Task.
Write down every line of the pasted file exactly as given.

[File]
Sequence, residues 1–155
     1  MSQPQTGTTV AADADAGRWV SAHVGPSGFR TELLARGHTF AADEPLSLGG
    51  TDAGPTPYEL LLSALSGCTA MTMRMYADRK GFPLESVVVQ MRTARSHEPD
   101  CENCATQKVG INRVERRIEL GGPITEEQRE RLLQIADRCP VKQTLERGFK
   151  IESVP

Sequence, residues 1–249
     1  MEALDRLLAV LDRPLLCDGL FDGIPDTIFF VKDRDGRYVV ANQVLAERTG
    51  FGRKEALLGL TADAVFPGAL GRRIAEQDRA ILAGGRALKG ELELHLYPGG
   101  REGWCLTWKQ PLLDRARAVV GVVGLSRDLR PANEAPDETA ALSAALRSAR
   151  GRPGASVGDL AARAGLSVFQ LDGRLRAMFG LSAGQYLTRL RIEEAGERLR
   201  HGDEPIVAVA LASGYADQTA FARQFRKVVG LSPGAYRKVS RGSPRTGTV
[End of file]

Sequence, residues 1–155
     1  MSQPQTGTTV AADADAGRWV SAHVGPSGFR TELLARGHTF AADEPLSLGG
    51  TDAGPTPYEL LLSALSGCTA MTMRMYADRK GFPLESVVVQ MRTARSHEPD
   101  CENCATQKVG INRVERRIEL GGPITEEQRE RLLQIADRCP VKQTLERGFK
   151  IESVP

Sequence, residues 1–249
     1  MEALDRLLAV LDRPLLCDGL FDGIPDTIFF VKDRDGRYVV ANQVLAERTG
    51  FGRKEALLGL TADAVFPGAL GRRIAEQDRA ILAGGRALKG ELELHLYPGG
   101  REGWCLTWKQ PLLDRARAVV GVVGLSRDLR PANEAPDETA ALSAALRSAR
   151  GRPGASVGDL AARAGLSVFQ LDGRLRAMFG LSAGQYLTRL RIEEAGERLR
   201  HGDEPIVAVA LASGYADQTA FARQFRKVVG LSPGAYRKVS RGSPRTGTV